Monday, November 2, 2009

Great balls of fire!

I've been wanting to put these photos up for awhile. This requires a bit of a back story.

So...since forever, I've been a huge Gone With the Wind fan. Read the book, read the sequels, memorized the movie, asked for the commemorative Barbies for Christmas, the whole shebang. It also didn't help that living near Atlanta would sometimes bring it up, with it being Margaret Mitchell's hometown.
Up until August, I had never been to the museum downtown. I know, bad me, bad fan. So as a treat, my lovely husband Jeremiah decided to finally take me!

The drive through Atlanta -- the Varsity on the left and Ga Tech on the right. (I am driving up 85 in the kind of morning that lasts all afternoon... -John Mayer, Why Georgia)

Dress: Dillard's, Purse: vintage, thrifted, Sandals: Target

Outside the house. In honor of Scarlett and her bold palette in the movie, I decided to wear my fiercest orangey-red dress. And also because it was 95 degrees outside and I didn't want to sweat.

This was the original door that I believe was used for Tara.

Costume paintings done by the costume designer -- I believe the one on the left is for Melanie, and the one on the right is Scarlett's mourning outfit she wore to the bazaar.

Sketches for Ashley's and Rhett's costumes. With the grey suit, slicked-back hair and suave stance, doesn't Rhett look like Don Draper, err, pre-Don Draper? Would modern-day Rhett Butler be a good ad man? Jon Hamm would look good in a top hat.

A sketch of Scarlett returning home to Tara after the burning of Atlanta.

There were many book covers from around the world displayed on the walls -- I thought the Italian one was beautiful.

I was most excited for this piece -- it's the painting Scarlett has of herself in her home when she's married to Rhett. It's beautiful and adds to the vanity of the character (because, really, who has a giant gaudy portrait of themselves? Well, you might say there wasn't modern photography to render these behemoths obsolete in the 1870s, and giant portraits back then were more common, un-ironic family heirlooms and a way to remember people after they were gone. And you might slay my argument by saying all that. But still, that thing seemed so huge and Citizen Kane levels of narcissistic sitting in the house. She could have at least posed with Rhett and the baby to make it a family affair).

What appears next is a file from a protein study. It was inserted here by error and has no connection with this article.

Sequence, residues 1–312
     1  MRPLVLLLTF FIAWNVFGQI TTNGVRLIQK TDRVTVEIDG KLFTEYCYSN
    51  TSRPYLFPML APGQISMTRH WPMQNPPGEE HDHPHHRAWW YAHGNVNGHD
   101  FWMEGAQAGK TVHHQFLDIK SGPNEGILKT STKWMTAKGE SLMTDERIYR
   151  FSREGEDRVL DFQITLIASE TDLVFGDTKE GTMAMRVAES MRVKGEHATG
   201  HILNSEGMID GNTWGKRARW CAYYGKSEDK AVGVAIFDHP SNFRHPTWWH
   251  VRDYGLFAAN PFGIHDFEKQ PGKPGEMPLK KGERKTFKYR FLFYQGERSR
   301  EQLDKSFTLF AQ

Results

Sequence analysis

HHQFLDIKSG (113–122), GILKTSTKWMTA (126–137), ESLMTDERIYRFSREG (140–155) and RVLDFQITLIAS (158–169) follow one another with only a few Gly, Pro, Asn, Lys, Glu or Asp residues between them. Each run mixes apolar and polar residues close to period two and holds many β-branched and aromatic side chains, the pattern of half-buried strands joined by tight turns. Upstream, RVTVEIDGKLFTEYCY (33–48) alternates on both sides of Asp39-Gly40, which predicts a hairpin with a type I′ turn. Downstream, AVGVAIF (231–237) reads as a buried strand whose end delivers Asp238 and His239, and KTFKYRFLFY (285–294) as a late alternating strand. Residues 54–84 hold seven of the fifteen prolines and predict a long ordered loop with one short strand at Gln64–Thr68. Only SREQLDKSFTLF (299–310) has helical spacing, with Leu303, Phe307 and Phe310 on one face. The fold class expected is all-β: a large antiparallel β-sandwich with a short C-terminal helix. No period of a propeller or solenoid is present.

But there was more fun to be had.
The spot of the apartment where Mitchell wrote the novel. That typewriter is a replica. A lot of things in the apartment were replicas because many of Mitchell's possessions were not saved over the years -- some were sold, thrown or given away.
Which gives me the perfect excuse to continue my hoarding -- when I am old and famous, they'll have enough fodder for a museum in my honor, haha.

Mitchell got her start as an Atlanta reporter. Here she is interviewing a bunch of Georgia Tech students. I think this photo is a bit hilarious. The tall guy on the left has a smirk on his face like he might be telling a tall tale, and Mitchell has this look that says, I'm not buying it.

Interactive time! Jeremiah takes a stab at trying to write a love letter to me on an old typewriter.

And my turn. The typewriter was mostly out of ink. Darn.

So all in all, it was a great trip. I wish there was a bit more to the whole place -- though the house features the apartment Mitchell lived in and a movie museum area, I felt there could have been more (perhaps more archival footage of Mitchell's work, props from the movie, Clark Gable and Vivien Leigh cryogenically frozen --- ha. Kidding on that last one. Maybe).

Tomorrow is another day. A good philosophy to have.

- JoAnn

1 comment:

  1. Cute, girls.

    Sent a Fbook message to you yesterday, but I have a feeling it didn't go through...

    Started this a while ago.. It's a little bit of everything. Thought I'd share.


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